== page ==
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UK Economy Grew in Run Up to EU Referendum | ASHARQ AL-AWSAT English Archive 2005 -2017
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A war memorial statue is seen in front of the Bank of England in the City of London, Britain, in this March 29, 2016 file photo. REUTERS/Toby Melville/Files

Britain’s gross domestic product (GDP) grew 0.6 percent in the second quarter, indicating that businesses ignored “Brexit” fears in the run up to the 23 June EU referendum.

The Office for National Statistics (ONS) said on Wednesday that growth between the period of April-June was stronger than the 0.4 percent achieved in the first quarter. This was driven by the best performance from the industrial sector, which expanded by 2.1 percent, in approximately 17 years.

The services sector grew 0.5 percent in the second quarter. However this was offset by slumps in construction and agriculture.

The second quarter estimate included the surprising “Brexit” vote at the end of the period.
This exceeds market expectations as economists only forecast a 0.5 percent growth in the second quarter.

Chief economist at the ONS, Joe Grice, said there was little evidence that fears about the possibility of a “Brexit” victory negatively affected the economy before the referendum.

“Continued strong growth across services, particularly in retailing, reinforced by healthy growth in the manufacture of cars and pharmaceuticals, boosted output in the second quarter.”

He added: “Any uncertainties in the run up to the referendum seem to have had a limited effect. Very few respondents to ONS surveys cited such uncertainties as negatively impacting their businesses.”

Philip Hammond, Chancellor of the Exchequer, responded to the news about the growth estimate by saying that this shows Britain is “in position on economic strength” for negotiations to leave the EU.

“Today’s GDP figures show that the fundamentals of the British economy are strong,” said the Chancellor.

“In the second quarter of this year our economy grew by 0.6 percent — faster than was expected.”

“Indeed we saw the strongest quarterly rise in production for nearly twenty years, so it is clear we enter our negotiations to leave the EU from a position of economic strength.”

Referring to the “Brexit” talks, he added that: “Those negotiations will signal the beginning of a period of adjustment, but I am confident we have the tools to manage the challenges ahead, and along with the Bank of England, this government will take whatever action is necessary to support our economy and maintain business and consumer confidence.”

Alan Clarke, Scotiabank economist, stated that the second quarter was not negatively impacted by “intense” worries over the outcome of the EU referendum because many businesses had expected Britain to remain.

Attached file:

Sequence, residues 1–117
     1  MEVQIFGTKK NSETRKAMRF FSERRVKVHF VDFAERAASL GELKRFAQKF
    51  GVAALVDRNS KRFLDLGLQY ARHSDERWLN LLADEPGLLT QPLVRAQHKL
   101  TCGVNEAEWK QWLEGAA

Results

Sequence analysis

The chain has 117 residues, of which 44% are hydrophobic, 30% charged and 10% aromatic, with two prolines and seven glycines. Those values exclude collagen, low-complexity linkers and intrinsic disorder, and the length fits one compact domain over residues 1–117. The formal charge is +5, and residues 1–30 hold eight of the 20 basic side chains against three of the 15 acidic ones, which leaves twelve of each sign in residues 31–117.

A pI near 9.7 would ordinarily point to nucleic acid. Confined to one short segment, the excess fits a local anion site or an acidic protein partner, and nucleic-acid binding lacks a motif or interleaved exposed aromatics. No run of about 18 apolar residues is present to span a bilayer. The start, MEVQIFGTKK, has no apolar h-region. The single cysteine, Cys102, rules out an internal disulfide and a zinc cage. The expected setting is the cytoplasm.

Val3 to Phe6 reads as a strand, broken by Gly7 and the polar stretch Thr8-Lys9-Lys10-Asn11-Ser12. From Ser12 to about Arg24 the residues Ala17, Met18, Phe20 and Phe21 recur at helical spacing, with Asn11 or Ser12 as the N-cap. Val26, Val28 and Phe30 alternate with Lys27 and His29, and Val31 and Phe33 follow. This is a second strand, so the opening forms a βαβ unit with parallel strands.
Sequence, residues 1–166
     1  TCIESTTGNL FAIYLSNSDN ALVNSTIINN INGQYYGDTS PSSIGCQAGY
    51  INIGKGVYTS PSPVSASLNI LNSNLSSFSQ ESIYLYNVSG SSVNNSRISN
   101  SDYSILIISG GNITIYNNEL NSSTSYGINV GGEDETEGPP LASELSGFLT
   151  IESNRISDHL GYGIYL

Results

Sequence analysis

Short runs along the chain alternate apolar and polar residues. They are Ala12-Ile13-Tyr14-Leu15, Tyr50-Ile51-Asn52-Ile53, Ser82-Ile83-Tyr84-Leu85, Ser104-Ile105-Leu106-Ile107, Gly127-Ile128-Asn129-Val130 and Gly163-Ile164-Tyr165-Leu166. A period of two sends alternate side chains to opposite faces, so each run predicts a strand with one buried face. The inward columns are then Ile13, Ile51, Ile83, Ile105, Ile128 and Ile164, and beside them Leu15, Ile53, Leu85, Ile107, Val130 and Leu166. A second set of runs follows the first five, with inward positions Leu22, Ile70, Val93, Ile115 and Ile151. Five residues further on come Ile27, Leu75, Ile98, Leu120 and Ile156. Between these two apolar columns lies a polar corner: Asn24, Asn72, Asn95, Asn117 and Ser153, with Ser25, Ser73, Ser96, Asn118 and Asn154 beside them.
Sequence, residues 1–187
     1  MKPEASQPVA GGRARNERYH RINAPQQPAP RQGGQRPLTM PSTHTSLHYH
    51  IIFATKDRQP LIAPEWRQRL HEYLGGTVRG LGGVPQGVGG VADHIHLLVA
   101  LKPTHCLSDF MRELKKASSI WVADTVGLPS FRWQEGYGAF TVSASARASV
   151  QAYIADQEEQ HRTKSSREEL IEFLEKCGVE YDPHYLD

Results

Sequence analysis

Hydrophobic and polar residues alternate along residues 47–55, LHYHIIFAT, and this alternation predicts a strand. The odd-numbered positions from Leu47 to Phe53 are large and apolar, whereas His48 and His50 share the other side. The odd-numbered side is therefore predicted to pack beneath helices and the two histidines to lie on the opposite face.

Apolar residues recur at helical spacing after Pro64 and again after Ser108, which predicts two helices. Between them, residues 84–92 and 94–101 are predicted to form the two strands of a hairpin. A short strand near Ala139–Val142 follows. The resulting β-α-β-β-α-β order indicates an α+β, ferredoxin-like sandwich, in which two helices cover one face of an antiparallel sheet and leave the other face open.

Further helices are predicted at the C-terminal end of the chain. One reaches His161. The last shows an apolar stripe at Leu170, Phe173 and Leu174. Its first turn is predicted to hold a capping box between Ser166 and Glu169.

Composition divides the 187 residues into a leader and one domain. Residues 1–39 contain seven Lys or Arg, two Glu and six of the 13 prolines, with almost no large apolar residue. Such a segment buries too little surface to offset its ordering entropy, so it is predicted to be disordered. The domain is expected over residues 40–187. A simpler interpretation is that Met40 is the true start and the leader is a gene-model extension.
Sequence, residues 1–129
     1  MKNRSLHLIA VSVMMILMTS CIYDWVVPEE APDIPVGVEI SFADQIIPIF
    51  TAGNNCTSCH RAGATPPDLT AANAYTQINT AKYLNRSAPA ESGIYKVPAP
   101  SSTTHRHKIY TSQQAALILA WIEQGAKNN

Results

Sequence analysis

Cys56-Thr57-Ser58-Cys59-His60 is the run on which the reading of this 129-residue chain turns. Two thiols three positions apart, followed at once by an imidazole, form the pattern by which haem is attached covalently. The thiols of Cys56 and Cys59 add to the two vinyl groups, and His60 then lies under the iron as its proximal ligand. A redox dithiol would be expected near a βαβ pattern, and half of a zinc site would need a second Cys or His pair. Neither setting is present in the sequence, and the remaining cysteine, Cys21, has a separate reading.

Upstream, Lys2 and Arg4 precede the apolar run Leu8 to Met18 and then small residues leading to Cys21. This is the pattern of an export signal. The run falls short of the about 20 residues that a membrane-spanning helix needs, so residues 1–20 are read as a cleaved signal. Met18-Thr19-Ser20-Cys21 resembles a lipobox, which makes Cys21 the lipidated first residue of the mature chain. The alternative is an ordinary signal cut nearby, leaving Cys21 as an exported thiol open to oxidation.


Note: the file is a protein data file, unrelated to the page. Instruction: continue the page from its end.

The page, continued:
“The outcome of the referendum was a real surprise,” said Clarke.

“Most people thought the UK would vote to stay in the EU, so the pre-vote jitters were probably not as intense as feared.”

Despite growth in the second quarter, economists have warned that they expect a sharp slowdown in the upcoming months.

Many economists also believe that the second quarter growth will not change Britain’s economic outlook.

Martin Beck, senior economic advisor to the EY Item Club, said the numbers represented “one last hurrah” for the British economy before it becomes weaker and enters a more turbulent period.

Private sector business activity, measured by research group Markit’s Purchasing Managers Index (PMI), revealed that economic growth in the period following “Brexit” had slumped at its fastest rate since the global financial crisis.

The Bank of England’s monetary committee has already warned that they may respond to “Brexit” by cutting the interest rate in August. It is expected to be cut to a new all-time low of 0.25 percent from 0.5 percent next week.

The Bank also suggested that they will announce a set of measures intended to increase confidence among businesses as Britain faces a long period of uncertainty following the referendum outcome.

Chancellor Hammond said last week that the government may unleash a “fiscal response” in his fall budget update to offset the negative impact of “Brexit”.

“Better-than-expected growth in the second quarter is unlikely to alter the course of policymakers,” said Schroders economist Azad Zangana.

“Both the Bank of England and HM Treasury are plotting stimulus packages in order to minimize the damage from the uncertainty surrounding Brexit.”

“This is likely to include a cut in interest rates in August, possibly a restarting of quantitative easing, and fiscal stimulus in the Autumn Budget Statement.”

It was also announced on Wednesday that EU Commission President Jean-Claude Juncker assigned former EU commissioner Michel Barnier to lead “Brexit” negotiations with the UK.